Beef Burek: The Crispy Turkish Dish You Should Know

Burek, a savory pastry dish, has a rich history and an expectedly full-bodied flavor.

The dish originated in Turkey, per Taste Atlas, though burek's true origins are admittedly foggy. Burek's rise in popularity is most associated with the culinary advancements during the Ottoman Empire, specifically during the reign of Sultan Mehmet IV in the 17th century, per History Today. Initially known as "borek," the flavorful dish became a staple in the Sultan's extravagant lunches, and its influence quickly spread. However, some documents trace the dish all the way back to the 12th century, and newer research implies it could've been invented by nomadic Turks even hundreds of years before that. Burek now typically correlates to Turkish cuisine, as well as the surrounding areas.

According to Dishes Origins, the term burek likely stems from the Turkish verb "bürmek," which in English would mean to roll or twist.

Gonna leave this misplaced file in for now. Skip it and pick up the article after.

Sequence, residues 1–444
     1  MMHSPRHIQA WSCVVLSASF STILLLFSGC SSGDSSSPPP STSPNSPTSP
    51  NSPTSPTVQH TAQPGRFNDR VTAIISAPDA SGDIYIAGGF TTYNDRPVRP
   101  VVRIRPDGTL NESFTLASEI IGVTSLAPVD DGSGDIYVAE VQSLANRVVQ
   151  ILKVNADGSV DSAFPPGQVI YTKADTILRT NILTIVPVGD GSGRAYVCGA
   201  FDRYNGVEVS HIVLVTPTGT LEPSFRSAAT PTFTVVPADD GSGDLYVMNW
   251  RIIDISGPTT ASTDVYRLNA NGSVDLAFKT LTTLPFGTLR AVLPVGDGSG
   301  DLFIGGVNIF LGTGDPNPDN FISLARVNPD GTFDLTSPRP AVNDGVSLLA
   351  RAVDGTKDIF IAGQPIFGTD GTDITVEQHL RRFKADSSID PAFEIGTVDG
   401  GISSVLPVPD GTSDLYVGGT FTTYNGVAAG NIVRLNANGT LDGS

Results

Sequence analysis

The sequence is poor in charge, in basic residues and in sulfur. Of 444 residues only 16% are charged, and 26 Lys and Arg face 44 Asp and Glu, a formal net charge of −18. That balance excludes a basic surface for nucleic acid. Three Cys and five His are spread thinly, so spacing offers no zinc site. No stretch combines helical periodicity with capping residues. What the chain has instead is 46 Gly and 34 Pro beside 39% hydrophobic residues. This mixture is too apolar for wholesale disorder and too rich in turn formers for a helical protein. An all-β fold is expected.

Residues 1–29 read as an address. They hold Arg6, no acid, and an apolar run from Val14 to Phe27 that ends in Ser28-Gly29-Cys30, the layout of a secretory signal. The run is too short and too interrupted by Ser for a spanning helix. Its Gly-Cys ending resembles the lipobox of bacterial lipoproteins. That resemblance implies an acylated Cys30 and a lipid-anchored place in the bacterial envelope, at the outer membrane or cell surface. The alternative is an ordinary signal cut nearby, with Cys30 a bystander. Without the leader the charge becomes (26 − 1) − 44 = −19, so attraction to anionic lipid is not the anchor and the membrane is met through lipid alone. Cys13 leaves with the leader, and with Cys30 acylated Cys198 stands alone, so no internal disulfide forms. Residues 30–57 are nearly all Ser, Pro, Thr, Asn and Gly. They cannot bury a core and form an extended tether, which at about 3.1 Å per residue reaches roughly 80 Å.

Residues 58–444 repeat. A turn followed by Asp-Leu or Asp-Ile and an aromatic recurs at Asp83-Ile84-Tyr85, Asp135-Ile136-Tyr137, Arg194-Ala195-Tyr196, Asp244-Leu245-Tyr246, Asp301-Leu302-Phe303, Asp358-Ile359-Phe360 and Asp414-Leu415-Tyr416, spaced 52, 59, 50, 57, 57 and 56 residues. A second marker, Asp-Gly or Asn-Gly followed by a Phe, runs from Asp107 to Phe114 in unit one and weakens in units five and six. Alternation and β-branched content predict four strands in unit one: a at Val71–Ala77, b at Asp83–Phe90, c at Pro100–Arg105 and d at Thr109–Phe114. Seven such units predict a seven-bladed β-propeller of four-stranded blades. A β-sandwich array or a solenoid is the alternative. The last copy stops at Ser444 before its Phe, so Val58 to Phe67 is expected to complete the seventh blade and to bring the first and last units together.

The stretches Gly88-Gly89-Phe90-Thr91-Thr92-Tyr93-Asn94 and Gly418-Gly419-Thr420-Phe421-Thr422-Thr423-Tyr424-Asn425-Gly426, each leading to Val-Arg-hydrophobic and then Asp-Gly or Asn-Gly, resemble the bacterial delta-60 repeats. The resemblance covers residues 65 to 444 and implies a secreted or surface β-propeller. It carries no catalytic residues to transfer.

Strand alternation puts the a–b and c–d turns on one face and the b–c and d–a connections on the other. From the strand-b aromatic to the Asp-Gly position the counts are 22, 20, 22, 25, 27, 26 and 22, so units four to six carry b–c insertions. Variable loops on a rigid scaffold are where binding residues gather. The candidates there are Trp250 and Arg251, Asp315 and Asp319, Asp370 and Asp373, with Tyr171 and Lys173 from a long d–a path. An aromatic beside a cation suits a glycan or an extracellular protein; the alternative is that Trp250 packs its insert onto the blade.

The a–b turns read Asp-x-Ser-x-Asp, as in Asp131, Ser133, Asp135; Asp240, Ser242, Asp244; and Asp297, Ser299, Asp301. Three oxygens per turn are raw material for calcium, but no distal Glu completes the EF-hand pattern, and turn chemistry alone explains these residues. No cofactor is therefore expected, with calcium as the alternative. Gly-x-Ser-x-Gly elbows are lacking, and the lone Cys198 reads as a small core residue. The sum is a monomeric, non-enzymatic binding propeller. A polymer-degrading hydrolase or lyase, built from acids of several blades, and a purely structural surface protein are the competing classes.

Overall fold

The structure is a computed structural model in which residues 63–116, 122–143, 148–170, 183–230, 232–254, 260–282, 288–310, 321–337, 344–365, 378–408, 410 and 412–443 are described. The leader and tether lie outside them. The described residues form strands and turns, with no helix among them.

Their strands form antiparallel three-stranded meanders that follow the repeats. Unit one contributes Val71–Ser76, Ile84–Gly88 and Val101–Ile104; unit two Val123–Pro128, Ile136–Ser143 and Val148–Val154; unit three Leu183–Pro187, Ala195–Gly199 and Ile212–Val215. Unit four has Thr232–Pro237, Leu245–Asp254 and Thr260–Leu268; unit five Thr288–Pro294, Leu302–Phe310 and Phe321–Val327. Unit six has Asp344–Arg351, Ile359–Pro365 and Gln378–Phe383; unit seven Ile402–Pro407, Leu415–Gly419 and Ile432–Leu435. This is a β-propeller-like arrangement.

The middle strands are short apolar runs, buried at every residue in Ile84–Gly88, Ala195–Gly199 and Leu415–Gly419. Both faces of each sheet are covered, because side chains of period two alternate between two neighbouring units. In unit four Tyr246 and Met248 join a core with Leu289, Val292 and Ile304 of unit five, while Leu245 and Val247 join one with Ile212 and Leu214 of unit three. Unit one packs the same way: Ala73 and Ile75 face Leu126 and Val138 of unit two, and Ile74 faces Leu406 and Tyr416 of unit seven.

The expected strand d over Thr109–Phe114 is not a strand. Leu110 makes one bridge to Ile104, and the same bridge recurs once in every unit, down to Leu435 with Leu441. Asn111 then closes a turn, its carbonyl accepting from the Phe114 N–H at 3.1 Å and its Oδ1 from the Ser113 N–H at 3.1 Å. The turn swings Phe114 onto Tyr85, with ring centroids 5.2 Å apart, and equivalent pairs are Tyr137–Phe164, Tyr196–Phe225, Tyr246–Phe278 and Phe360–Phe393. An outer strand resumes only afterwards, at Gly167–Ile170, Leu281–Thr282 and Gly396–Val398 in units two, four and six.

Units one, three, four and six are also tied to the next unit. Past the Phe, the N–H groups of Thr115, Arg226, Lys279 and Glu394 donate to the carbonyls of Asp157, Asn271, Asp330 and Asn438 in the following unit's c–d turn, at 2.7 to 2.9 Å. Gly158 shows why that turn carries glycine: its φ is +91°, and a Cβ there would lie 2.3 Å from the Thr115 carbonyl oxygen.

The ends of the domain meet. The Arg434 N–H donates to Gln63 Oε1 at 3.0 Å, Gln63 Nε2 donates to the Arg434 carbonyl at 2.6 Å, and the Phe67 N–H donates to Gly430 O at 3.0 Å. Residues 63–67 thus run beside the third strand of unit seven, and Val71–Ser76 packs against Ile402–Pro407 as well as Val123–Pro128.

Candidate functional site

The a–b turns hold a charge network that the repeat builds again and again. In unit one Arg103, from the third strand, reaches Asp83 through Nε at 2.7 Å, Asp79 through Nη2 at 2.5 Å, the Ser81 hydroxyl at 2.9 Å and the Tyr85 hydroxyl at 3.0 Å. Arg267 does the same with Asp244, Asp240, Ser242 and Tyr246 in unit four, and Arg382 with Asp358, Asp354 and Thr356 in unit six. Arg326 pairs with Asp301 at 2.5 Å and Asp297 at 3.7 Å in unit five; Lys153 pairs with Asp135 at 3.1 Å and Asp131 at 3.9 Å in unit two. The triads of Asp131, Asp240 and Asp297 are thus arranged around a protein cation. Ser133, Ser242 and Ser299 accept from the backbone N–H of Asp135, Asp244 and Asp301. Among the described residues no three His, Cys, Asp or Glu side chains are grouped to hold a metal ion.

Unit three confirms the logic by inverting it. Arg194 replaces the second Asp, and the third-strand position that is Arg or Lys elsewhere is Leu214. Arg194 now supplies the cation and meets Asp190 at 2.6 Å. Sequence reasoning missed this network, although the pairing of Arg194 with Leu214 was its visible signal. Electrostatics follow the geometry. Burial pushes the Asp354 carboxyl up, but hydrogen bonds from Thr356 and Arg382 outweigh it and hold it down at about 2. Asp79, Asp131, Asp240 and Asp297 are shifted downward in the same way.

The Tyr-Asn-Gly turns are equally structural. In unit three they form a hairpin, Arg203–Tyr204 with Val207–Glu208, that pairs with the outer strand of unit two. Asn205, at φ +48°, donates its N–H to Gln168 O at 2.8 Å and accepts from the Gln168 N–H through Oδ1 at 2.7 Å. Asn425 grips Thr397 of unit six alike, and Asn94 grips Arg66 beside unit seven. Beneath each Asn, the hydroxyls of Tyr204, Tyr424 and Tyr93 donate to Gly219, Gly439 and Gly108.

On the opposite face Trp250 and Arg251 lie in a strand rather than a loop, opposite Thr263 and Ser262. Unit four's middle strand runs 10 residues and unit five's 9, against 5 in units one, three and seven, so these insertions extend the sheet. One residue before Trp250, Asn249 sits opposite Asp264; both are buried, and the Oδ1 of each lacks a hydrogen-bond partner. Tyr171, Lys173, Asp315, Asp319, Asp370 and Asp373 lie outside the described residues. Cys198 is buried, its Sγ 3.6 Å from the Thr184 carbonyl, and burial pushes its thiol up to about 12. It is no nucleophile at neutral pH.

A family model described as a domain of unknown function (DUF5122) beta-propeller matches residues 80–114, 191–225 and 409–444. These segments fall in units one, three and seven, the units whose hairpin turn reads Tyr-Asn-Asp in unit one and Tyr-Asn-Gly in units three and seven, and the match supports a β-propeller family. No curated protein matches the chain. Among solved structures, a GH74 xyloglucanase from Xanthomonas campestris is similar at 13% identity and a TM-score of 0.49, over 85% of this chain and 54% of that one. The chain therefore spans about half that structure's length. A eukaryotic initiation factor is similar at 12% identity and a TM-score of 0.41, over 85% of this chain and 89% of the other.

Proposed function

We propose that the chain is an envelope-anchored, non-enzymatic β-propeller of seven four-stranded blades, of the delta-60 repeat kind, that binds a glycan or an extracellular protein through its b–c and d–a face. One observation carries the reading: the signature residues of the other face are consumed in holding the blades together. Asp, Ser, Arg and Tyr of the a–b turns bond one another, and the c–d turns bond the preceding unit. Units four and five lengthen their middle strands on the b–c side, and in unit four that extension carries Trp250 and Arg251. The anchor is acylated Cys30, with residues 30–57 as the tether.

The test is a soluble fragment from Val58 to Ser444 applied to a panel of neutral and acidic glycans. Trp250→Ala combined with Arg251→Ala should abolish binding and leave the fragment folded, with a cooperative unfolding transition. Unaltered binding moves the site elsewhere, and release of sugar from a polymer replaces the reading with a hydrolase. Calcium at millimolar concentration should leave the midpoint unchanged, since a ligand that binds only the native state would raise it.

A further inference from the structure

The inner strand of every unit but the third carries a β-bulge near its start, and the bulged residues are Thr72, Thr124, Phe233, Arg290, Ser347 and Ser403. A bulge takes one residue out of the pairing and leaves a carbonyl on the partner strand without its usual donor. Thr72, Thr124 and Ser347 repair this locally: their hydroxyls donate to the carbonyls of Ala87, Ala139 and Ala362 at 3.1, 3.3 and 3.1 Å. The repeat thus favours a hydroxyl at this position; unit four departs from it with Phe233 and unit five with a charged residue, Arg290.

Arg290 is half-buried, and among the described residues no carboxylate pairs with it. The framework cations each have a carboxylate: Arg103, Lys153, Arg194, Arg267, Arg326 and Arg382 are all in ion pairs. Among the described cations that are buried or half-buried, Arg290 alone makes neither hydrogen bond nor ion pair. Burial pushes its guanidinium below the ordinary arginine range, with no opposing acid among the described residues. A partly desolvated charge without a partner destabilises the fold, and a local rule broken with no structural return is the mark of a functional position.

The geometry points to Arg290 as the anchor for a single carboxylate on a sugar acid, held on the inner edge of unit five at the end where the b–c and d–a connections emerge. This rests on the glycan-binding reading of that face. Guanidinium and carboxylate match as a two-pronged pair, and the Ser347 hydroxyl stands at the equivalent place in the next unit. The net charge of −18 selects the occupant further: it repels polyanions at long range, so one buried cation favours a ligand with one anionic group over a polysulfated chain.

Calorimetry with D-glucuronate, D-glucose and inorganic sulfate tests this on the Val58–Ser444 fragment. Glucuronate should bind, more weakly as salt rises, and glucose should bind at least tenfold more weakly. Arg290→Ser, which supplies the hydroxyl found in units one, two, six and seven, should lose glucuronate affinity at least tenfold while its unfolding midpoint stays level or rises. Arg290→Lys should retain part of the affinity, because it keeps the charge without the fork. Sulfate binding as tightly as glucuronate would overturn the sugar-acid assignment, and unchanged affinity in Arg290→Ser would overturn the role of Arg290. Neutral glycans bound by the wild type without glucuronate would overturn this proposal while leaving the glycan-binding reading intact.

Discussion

So now you may be asking yourself, "what exactly is burek, and how in the world do I make it?"

How burek is made

In its simplest form, burek is a savory meat pie, per Taste Atlas. It is typically a flaky filo pastry or slab of yufka, filled with a combination of cheese, meat, and/or vegetables. The Turkish version, beef burek, has a filling mixture of sautéed green peppers, Aleppo peppers, onions, and of course beef, according to Food Network. The dough is slathered in an egg and oil mixture and repeatedly stacked with the beef and vegetable filling between each layer, then baked until crispy. It is topped with black cumin seeds as the finishing touch.

There are many variations of the dish, which is part of what makes Burek so special. It has become a staple and defining dish of Bosnian culture, and Croatia has put its own spin on burek as well. According to Chasing the Donkey, the Croatian version of burek includes a cheese filling consisting of cottage cheese and feta. In Bosnia, the fillings are similar, but the shape of the pastry is typically tubular or in snail-like spiral, per World Food Story.